A study of the implications of information technology for society and its individuals. What is this course about? Historical perspectives, social context of computing, legal and ethical problems, economic issues, and philosophical frameworks for analysis will be covered.
Thinking about Technology Specific Topics include: Historical Context of Computerization Privacy and Surveillance Community Intellectual Property Free Speech Identity and Virtuality Work and Economics
Classic/ACM Approach to This Type of Course: Learn two evaluative ethical approaches (consequentialist vs universalist) Use these ethical approaches to evaluate and judge various high-tech issues. While important, it is a limited approach I prefer a more historical/contextualization approach
Thinking About Technology An Introduction to Some of the Themes in This Course
technologia Greek art, skill, craft, method systematic treatment of an art, craft, or technique techne logikos reasoning, thinking tec Proto-Indo-Euro To make
Some claim that the first appearance of the word technology in its modern meaning was in Dr. Jacob Bigelow’s 1829 book The Elements of Technology .
Today, the word technology can refer to: 1. Things 2. Techniques 3. Abstract Knowledge
4. Technology as a System Technological system is complex of hardware, knowledge, inventors, operators, consumers, corporations, laws, and others involved in a technology. Thinking critically about technology thus requires knowledge of the system as a whole, how it was created (history), and how the parts interact.
The Ancient Greeks on Technology Some see myths as an expression of a pre-scientific understanding of human societies and the world they exist within. Others have claimed that in fact myths can provide a privileged insight into the origins and development of key human issues and concerns.
Oedipus and the Sphinx Thebes is suffering from a menace of nature: the Sphinx what walks on four feet, and two feet, and three feet and has only one voice; when it walks on most feet, it is weakest?
Humans The third foot is techne , our ability to craft and use technology. In the myth, it is this third foot, humanity’s technological know-how, that is at the root of Oedipus’s success and failure.
This third foot can also be a sword Just prior to Oedipus's confrontation with the Sphinx, Oedipus slays a stranger—his father—at a crossroad with his sword. Oedipus thus personifies the ambiguity of the human creature, an ambiguity that lies in his third foot, his ability to use his craft-knowledge for both good and evil at the same time.
This is a tragic vision: Technology is both a blessing and a curse, and these two natures are indivisible. If we want the blessings, then we have to live with the drawbacks. But this wasn’t the only way that the ancient Greeks viewed technology.
http://www.mwcag.org.au/orange/labyrinth/Theseus_Minotaur_Mosaic.jpg Theseus and the Minotaur’s Labyrinth The Labyrinth of King Minos of Crete at Knossos was considered the technological marvel of the ancient world.
Yet at the heart of this technological marvel is a true menace: the minotaur. One can journey into the labyrinth, but slaying the monster concealed in the technology is more difficult … … as is escaping from the technology
Theseus escaped via the forethought and reason of Ariadne’s thread. A way out of the confusing labyrinth that is technological change is possible via rational appraisal and by maintaining a link to the past. This course is an attempt at maintaining a thread of Ariadne …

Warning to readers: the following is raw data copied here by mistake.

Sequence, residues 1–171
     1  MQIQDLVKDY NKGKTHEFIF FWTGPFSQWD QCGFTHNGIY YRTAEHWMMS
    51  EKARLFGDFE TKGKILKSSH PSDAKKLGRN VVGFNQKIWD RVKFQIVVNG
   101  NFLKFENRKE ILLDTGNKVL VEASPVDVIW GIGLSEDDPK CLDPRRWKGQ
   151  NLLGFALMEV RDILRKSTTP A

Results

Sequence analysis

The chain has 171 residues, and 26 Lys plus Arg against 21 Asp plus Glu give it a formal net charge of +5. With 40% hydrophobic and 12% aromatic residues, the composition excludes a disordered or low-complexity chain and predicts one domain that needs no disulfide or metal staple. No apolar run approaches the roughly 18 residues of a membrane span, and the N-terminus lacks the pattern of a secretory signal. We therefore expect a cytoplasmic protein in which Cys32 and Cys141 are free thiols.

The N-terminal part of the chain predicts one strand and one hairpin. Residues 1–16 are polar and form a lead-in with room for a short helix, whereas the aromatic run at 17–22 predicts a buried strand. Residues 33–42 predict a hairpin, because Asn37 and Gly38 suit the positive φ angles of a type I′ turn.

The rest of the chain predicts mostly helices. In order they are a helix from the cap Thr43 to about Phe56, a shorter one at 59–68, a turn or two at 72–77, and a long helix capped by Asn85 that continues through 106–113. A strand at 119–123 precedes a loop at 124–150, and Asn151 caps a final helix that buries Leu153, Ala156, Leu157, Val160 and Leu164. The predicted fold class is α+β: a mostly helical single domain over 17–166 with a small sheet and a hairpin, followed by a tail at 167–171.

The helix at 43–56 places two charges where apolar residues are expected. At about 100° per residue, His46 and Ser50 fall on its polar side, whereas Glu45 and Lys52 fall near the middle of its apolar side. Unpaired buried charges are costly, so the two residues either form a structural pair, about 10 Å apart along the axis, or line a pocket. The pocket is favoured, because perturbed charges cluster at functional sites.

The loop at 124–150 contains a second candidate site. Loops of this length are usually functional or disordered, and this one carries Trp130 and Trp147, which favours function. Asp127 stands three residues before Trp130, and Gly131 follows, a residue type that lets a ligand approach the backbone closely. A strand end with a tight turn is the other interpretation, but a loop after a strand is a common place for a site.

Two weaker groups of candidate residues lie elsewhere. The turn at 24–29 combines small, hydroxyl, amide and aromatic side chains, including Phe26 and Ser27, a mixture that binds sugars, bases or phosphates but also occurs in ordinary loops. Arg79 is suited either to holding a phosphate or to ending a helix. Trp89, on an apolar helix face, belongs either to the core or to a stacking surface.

Prometheus Gift of Fire to Humanity His punishment: Having his liver eaten every day Humanity’s punishment: ?
Pandora’s Box Which contains “ toil, pain, and hope”
Plato in his dialogue Protagoras: Prometheus steals fire as well as “wisdom in the crafts” “ Although man, acquired in this way wisdom of daily life, civic wisdom he had not, since this was still in the possession of Zeus”
Thus according to Plato, Prometheus (and humanity at large) suffer because Prometheus stole only part of what we need to live good lives: Prometheus stole fire (technology), but did not acquire civic wisdom. That is, having technological mastery without grounding it properly in a just political order is a recipe for suffering.
Plato argued that the tragedy of technology can be almost totally avoided by first and foremost thinking about technology in the context of its surrounding society and its political order. This course is all about this practice …
http://www.johnwilliamwaterhouse.com/pictures/echo-narcissus-1903/ Narcissus and Echo … as interpreted by Marshall McLuhan
Technologies are extensions or expansions of ourselves “ Now the point of this myth is the fact that men at once become fascinated by any extension of themselves in any material other than themselves.” “ To behold, use or perceive any extension of ourselves in technological form is necessarily to embrace it.” “ It is this continuous embrace of our own technology … that puts us in the Narcissus role of … numbness in relation to these images [extensions] of ourselves.”
Within the Narcissus trance, we are too numb to recognize that “Man in the normal use of technology … is perpetually modified by it.” As such, we tend to be completely unconscious of the real effects of technology on the individual and on society and simply embrace each new technology uncritically. “ Man becomes, as it were, the sex organs of the machine world, as the bee of the plant world, enabling it to fecundate and to evolve ever new forms.”
For McLuhan, the best way to avoid this Narcissus trance in the face of technological change “is simply in knowing that the spell can occur immediately upon contact.” That is also part of what we will try to be doing in this course: understand both the obvious and also the sometimes subliminal and subtle consequences of our technological infrastructure.